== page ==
MUNICH, Germany - Christmas in America has gradually become a season dominated by unbridled commercialism and media overload. But Jesus is the reason for the season, and St. Nicholas was a real person - a bishop, later a saint, who was known for secret gift-giving.

For a different experience of this magical time, head to Bavaria in southeastern Germany, nestled against the Alps. Here, Christmas is a monthlong celebration of Advent, the period of the four Sundays preceding Dec. 24.

Households prepare for the first day of Advent by baking mounds of delicious cookies. Over the next four weeks, families, friends, children, and grandchildren get together to swap recipes and test one another's baking skills. These cookies rarely last long, and any good Bavarian home is filled with the warm smell of caramelized sugar and spices.

This delightful aroma is mixed, in a heavenly way, with the wintry smell of pine needles, as each house is adorned with a traditional Advent wreath woven with freshly cut branches. The wreaths are decorated with four candles, lit successively each Sunday until Christmas Eve.

Advent is a special time for children, who get small presents throughout the month. To keep track of the days before Christmas (and the presents), children receive an Advent calendar, a three-dimensional contraption that has small compartments with little doors that are opened every day of December until Christmas. Each compartment contains a small gift, usually chocolate.

Advent is also when children write their "wish" letters. Instead of sending them to Santa Claus, they address them to the Christ Child. These are more than just a few words scribbled on a piece of paper. Children spend days crafting these works of art, which often consist of colorful drawings or collages that communicate their wishes - for material gifts, but also for any desire a child might want fulfilled in the coming year. These letters go not to the North Pole, but instead to either the outside windowsill where the Christ Child will pick them up overnight, or to one of a handful of official Christmas post offices in Germany, such as Himmelstadt (City of Heaven), Himmelpfort (Gate to Heaven), or Himmelreich (Kingdom of Heaven).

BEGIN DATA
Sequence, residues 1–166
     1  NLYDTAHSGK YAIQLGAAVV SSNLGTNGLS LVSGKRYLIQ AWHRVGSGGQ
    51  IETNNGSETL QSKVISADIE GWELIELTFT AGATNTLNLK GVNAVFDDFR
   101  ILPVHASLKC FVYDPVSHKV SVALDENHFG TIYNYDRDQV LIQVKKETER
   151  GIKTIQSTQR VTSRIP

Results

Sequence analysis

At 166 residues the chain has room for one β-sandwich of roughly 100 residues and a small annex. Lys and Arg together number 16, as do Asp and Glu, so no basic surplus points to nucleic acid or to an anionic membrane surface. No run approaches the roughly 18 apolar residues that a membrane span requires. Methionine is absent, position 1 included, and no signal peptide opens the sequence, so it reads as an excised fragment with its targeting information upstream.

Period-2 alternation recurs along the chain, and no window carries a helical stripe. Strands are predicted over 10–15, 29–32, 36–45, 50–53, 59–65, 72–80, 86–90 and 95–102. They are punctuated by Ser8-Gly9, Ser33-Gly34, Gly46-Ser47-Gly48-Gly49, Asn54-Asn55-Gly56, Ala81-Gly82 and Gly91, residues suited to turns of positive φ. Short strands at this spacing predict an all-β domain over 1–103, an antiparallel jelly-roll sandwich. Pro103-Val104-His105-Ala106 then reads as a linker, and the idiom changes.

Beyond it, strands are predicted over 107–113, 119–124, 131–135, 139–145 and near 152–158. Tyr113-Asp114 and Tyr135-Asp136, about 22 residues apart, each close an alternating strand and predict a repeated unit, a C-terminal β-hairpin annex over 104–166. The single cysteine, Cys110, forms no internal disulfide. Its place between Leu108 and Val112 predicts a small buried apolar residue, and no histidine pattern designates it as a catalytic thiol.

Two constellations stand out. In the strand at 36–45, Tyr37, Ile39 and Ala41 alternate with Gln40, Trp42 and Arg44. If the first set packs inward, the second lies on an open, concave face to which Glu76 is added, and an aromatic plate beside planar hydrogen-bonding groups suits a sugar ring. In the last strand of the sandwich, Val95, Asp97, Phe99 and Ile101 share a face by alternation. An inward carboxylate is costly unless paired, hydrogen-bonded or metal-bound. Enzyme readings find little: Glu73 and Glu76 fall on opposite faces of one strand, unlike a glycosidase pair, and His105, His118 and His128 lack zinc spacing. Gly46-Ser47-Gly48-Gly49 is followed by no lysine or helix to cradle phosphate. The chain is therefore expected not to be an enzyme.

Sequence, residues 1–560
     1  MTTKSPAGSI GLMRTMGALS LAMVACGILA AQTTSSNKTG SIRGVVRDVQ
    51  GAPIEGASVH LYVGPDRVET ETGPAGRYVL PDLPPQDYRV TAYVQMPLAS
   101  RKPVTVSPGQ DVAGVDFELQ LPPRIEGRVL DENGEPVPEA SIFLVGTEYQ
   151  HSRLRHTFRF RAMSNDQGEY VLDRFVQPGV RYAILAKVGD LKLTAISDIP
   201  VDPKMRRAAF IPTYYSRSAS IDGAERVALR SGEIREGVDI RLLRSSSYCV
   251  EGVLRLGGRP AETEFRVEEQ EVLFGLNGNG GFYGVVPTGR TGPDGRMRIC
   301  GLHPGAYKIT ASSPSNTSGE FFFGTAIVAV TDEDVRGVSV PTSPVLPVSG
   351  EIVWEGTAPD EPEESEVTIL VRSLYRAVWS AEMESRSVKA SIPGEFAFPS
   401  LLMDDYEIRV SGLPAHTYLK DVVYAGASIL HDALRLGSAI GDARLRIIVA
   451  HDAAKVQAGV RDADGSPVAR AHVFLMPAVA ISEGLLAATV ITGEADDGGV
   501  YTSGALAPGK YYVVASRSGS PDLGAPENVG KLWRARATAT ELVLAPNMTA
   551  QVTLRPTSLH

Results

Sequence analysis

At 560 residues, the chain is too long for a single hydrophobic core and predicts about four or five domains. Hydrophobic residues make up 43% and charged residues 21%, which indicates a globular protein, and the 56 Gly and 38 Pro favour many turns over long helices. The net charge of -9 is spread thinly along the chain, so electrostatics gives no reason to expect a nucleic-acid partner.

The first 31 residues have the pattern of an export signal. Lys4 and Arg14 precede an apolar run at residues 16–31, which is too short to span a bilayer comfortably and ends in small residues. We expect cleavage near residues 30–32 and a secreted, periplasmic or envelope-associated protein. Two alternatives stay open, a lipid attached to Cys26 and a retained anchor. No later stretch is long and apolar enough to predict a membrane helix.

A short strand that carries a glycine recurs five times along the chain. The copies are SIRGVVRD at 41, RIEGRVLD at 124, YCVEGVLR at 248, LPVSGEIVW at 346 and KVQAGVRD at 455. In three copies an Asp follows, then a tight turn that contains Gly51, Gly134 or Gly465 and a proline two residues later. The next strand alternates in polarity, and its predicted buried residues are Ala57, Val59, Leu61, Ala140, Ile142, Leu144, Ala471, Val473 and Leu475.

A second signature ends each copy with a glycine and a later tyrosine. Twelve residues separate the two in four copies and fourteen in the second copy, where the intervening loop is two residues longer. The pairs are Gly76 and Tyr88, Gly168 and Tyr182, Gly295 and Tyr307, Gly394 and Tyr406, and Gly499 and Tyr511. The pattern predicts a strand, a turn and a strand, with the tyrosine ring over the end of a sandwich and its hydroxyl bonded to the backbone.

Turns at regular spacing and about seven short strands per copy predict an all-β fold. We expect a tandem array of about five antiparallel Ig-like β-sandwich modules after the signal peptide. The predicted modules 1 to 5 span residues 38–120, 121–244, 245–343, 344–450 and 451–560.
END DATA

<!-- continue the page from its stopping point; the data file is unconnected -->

A particular day that children both dread and look forward to is St. Nicholas Day, Dec. 6. On this day, actors dressed up as St. Nicholas visit Bavarian homes and praise the youngsters for their good deeds, like being protective of younger siblings. They also scold children for the bad things they've done, like not helping with the dishes. Legend has it that especially bad children sometimes are taken away in the big sack St. Nicholas' helper Krampus carries with him. The fear of being snatched away is enough to keep children from being too naughty during the year (or at least during the days before the visit).

But all the fun is not just for young people during Advent. Adults also take part, and receive Advent calendars that contain little gifts (though instead of chocolate, they might receive schnapps or beer).

Among the most eagerly awaited and festive events for both adults and children are the Christmas markets. In towns across the region, locals erect small villages of beautifully decorated traditional wooden huts in their public areas, where they sell steaming hot Glühwein (mulled wine), freshly baked lebkuchen (gingerbread), hot grilled bratwurst (sausages), and hundreds of other treats. It's a great get-together where colleagues and friends chat, hang out, and enjoy the coming of the new year. There's nothing like huddling with friends around an enormous brightly lit Christmas tree, a warm glass of Glühwein in one hand and a steaming sausage on fresh German bread with mustard in the other.

After a month of cookies, feasting, Advent calendars, St. Nicholas visits, and Christmas markets, the big day arrives. The night before Christmas Eve, parents place a carefully chosen fir tree in the living room, which is then closed off to children. Parents explain that the reason for this is that the Christ Child needs to be completely undisturbed while decorating the tree and putting presents underneath it.

On Christmas Eve, after a large family dinner, a tiny bell rings to invite the guests into the living room. The children enter to find a fully decorated tree with lights, colorful balls, and straw stars surrounded by carefully wrapped presents. Some families will read the story of Mary and Joseph looking for shelter, the birth of Jesus, and the journey of the three kings. Families also like to gather around the piano with musical instruments and play carols together. After this, presents are opened and the family goes to church to celebrate with other members of the town. The evening will end with a final get-together around the tree, a little Glühwein and lebkuchen, and the glow of another great traditional Christmas celebration.

Travel writer Eric Vohr and photographer Michaela Urban have a travel writing website, www.travelintense.com.